• Don’t hire based on price alone. Remember, you often get what you pay for. A slightly pricier CPA with more expertise might save you more in the long run. Freelancers have unique needs, so ensure your CPA has the experience to match.

  • Make sure they’re tech-savvy. The world's moved online, and many modern accounting tools offer efficiency and transparency. If a CPA is against using these, it might be a red flag.

  • Don’t be afraid to ask questions. It's your money, after all. Get all your questions answered upfront and trust your gut. Choose a CPA who will keep you informed and meet as often as you need.

Simplify Your Accounting with Found

While a CPA can offer in-depth financial planning and tax advice, it can be pricey and more than some freelancers need. If you're looking for a cost-effective alternative to figuring out how to hire a CPA or bookkeeper, Found’s all-in-one banking platform manages your bookkeeping, tracks your tax deductions, and even lets you pay your quarterly federal taxes through the app. 

When you’re ready to bring a CPA on board, Found has you covered, too. Say farewell to back-and-forth communications and confusing discrepancies, simplifying how you work with your accountant. Sharing your Found account information with your accountant is simple and easy. They’ll be able to access your account activity, profit and loss report, and tax documents. It’s safe and secure, and you can edit or remove access at any time.

So whether or not you’re working with a CPA, a Found account might just be the financial assistant you've been searching for. Sign up for free today.

The information on this website is not intended to provide, and should not be relied on, for tax advice.

Related Guides

6 Tax Mistakes Self-Employed People Should Avoid
March 21, 20247 min read

6 Tax Mistakes Self-Employed People Should Avoid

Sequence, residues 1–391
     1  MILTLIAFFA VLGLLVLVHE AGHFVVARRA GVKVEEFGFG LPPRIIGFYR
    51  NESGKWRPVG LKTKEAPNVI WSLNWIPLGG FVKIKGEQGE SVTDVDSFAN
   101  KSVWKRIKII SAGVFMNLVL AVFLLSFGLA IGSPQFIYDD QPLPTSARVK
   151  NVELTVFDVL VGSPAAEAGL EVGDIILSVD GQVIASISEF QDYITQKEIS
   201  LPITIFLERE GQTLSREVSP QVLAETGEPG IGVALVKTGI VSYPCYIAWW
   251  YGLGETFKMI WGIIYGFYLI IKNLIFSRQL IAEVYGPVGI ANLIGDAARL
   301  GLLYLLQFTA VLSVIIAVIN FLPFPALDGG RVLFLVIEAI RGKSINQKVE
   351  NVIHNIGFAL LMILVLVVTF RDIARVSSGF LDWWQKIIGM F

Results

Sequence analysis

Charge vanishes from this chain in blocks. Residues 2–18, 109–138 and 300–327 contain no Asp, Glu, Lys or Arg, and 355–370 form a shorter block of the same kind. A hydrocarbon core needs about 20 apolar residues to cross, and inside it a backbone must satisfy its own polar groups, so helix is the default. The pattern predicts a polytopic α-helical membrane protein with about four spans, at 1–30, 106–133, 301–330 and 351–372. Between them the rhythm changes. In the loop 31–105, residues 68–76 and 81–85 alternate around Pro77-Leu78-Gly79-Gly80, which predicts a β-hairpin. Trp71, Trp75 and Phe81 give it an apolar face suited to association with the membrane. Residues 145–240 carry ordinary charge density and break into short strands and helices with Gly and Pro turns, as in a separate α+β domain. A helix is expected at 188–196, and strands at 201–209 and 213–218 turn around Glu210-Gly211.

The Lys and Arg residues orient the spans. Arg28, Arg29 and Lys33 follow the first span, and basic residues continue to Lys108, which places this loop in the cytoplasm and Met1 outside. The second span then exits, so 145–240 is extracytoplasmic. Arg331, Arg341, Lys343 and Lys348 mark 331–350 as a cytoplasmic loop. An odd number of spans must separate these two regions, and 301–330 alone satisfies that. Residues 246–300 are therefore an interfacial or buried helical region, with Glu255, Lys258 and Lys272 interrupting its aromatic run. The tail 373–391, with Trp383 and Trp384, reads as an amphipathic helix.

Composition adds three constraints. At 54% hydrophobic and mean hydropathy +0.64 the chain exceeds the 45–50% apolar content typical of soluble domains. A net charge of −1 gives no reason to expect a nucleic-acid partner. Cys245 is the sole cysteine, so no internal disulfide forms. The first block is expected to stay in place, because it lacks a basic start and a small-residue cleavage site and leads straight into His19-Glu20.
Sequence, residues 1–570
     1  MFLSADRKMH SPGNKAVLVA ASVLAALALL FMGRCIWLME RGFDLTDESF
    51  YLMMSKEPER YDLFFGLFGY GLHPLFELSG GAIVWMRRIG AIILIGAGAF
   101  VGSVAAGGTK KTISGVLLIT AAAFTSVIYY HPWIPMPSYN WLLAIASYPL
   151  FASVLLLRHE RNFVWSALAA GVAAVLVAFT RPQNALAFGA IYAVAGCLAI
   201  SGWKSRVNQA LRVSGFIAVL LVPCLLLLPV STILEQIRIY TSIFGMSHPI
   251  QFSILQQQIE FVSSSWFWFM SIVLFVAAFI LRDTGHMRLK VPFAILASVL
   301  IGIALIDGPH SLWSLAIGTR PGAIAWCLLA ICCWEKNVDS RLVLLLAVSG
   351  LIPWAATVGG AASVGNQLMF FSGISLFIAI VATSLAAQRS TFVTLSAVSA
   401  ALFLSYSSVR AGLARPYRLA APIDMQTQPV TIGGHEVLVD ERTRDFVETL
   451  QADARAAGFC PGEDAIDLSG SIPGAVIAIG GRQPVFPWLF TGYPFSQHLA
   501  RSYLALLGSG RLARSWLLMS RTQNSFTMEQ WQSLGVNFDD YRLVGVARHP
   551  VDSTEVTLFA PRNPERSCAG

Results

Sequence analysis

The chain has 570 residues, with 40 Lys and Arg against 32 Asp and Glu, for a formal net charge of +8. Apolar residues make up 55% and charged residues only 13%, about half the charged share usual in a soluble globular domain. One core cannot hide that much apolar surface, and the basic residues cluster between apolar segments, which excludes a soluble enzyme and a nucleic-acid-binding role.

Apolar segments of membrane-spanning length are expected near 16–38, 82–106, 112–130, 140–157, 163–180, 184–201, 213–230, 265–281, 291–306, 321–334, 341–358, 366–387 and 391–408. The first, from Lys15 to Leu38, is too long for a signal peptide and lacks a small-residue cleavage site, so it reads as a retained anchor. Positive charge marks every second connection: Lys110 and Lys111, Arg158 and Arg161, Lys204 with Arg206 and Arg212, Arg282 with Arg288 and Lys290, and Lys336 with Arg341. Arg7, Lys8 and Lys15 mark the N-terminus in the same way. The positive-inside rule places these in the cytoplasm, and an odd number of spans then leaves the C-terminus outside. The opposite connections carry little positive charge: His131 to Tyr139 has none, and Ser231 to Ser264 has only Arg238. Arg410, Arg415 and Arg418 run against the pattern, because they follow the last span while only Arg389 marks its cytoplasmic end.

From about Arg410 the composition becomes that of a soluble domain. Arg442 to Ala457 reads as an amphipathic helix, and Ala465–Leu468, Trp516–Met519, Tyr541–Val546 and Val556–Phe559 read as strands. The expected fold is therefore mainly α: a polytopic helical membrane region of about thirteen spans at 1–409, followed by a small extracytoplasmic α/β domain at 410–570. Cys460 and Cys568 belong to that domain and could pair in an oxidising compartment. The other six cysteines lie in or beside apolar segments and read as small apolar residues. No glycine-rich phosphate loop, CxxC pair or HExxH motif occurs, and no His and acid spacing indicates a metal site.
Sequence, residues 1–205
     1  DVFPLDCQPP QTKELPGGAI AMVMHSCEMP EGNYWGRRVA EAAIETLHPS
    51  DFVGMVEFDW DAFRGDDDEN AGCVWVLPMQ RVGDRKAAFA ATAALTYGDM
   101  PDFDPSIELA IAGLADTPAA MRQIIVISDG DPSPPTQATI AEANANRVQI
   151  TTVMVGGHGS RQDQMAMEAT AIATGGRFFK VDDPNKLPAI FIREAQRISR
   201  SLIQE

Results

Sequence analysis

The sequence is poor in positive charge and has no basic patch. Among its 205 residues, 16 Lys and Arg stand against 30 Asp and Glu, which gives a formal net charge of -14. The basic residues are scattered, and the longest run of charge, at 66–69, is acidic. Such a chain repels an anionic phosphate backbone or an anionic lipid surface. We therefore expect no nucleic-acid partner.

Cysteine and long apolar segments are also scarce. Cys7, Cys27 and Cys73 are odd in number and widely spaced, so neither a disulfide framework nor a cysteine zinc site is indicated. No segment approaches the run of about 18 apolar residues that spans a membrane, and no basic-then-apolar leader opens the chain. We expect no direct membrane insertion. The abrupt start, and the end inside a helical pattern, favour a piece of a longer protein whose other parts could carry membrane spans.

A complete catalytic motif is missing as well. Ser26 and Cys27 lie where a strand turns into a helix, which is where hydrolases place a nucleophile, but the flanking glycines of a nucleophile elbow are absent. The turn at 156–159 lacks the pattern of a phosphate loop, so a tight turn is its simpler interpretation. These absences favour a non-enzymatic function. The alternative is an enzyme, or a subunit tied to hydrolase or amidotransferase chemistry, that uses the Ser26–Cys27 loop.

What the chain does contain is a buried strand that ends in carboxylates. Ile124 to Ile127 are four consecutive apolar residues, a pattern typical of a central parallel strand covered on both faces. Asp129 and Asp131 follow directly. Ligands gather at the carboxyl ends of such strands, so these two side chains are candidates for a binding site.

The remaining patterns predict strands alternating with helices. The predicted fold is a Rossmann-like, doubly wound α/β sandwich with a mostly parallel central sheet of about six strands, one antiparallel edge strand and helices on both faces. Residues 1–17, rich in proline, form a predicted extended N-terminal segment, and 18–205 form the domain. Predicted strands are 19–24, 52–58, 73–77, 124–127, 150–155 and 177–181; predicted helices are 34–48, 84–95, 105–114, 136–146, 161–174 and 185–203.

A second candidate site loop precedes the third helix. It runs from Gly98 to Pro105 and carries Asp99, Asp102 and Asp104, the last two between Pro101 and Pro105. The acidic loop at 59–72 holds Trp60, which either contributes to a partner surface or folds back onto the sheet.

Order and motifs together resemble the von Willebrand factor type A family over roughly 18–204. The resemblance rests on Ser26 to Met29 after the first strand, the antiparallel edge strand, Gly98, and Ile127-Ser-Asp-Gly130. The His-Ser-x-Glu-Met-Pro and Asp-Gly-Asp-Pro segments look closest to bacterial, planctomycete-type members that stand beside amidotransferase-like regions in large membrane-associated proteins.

Accounting and Taxes
Bookkeeping vs. Accounting: What's the Difference?
May 08, 20235 min read

Bookkeeping vs. Accounting: What's the Difference?

Accounting and Taxes
17 Self-Employed Tax Deductions for Freelancers and Small Business Owners
November 27, 20237 min read

17 Self-Employed Tax Deductions for Freelancers and Small Business Owners

Accounting and Taxes
6 Tax Mistakes Self-Employed People Should Avoid
March 21, 20247 min read

6 Tax Mistakes Self-Employed People Should Avoid

Accounting and Taxes
  • App icon cactus
    All-in-one banking
    for the self-employed


    Have Questions?
    Email our support team:
    Follow Us

    *Found is a financial technology company, not a bank. Banking services are provided by Piermont Bank, Member FDIC. The funds in your account are FDIC-insured up to $250,000 per depositor for each account ownership category.

    The Found Mastercard Business debit card is issued by Piermont Bank pursuant to a license from Mastercard Inc.

    The information on this website is not intended to provide, and should not be relied on, for tax advice.

    **Direct deposit funds may be available for use for up to two days before the scheduled payment date. Early availability is not guaranteed.

    Found partners with various providers to enable you to compare offers from participating institutions, such as lending, filing service, and insurance providers. Found is not a lender, a filing service, nor an insurance provider.